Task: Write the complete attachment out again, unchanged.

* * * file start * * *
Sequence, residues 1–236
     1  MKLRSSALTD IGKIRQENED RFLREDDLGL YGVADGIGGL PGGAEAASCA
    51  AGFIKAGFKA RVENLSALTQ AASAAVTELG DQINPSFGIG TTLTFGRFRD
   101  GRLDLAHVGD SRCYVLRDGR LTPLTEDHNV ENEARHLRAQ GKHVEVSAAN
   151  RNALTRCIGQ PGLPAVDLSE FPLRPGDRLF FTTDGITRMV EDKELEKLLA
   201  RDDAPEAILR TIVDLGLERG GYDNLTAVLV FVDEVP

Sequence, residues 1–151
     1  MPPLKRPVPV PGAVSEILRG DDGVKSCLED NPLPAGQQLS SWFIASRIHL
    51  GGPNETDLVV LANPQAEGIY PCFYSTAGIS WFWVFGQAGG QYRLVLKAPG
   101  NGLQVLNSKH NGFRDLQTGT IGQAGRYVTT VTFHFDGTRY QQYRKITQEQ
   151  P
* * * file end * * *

Sequence, residues 1–236
     1  MKLRSSALTD IGKIRQENED RFLREDDLGL YGVADGIGGL PGGAEAASCA
    51  AGFIKAGFKA RVENLSALTQ AASAAVTELG DQINPSFGIG TTLTFGRFRD
   101  GRLDLAHVGD SRCYVLRDGR LTPLTEDHNV ENEARHLRAQ GKHVEVSAAN
   151  RNALTRCIGQ PGLPAVDLSE FPLRPGDRLF FTTDGITRMV EDKELEKLLA
   201  RDDAPEAILR TIVDLGLERG GYDNLTAVLV FVDEVP

Sequence, residues 1–151
     1  MPPLKRPVPV PGAVSEILRG DDGVKSCLED NPLPAGQQLS SWFIASRIHL
    51  GGPNETDLVV LANPQAEGIY PCFYSTAGIS WFWVFGQAGG QYRLVLKAPG
   101  NGLQVLNSKH NGFRDLQTGT IGQAGRYVTT VTFHFDGTRY QQYRKITQEQ
   151  P